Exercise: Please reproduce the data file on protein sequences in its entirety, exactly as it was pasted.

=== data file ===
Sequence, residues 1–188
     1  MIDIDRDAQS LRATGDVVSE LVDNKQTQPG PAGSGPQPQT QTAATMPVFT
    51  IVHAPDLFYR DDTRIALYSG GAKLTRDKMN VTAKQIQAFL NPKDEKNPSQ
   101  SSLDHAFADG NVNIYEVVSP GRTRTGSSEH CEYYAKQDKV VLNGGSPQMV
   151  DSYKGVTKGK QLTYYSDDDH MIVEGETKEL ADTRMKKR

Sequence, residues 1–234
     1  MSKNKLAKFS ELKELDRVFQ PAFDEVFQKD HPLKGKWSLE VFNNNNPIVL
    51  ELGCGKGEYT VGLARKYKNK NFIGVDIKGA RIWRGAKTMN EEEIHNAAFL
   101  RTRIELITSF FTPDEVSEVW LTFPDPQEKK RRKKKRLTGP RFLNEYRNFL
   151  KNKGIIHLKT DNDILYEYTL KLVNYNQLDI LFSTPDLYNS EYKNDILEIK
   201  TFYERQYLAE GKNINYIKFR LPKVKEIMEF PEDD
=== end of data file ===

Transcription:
Sequence, residues 1–188
     1  MIDIDRDAQS LRATGDVVSE LVDNKQTQPG PAGSGPQPQT QTAATMPVFT
    51  IVHAPDLFYR DDTRIALYSG GAKLTRDKMN VTAKQIQAFL NPKDEKNPSQ
   101  SSLDHAFADG NVNIYEVVSP GRTRTGSSEH CEYYAKQDKV VLNGGSPQMV
   151  DSYKGVTKGK QLTYYSDDDH MIVEGETKEL ADTRMKKR

Sequence, residues 1–234
     1  MSKNKLAKFS ELKELDRVFQ PAFDEVFQKD HPLKGKWSLE VFNNNNPIVL
    51  ELGCGKGEYT VGLARKYKNK NFIGVDIKGA RIWRGAKTMN EEEIHNAAFL
   101  RTRIELITSF FTPDEVSEVW LTFPDPQEKK RRKKKRLTGP RFLNEYRNFL
   151  KNKGIIHLKT DNDILYEYTL KLVNYNQLDI LFSTPDLYNS EYKNDILEIK
   201  TFYERQYLAE GKNINYIKFR LPKVKEIMEF PEDD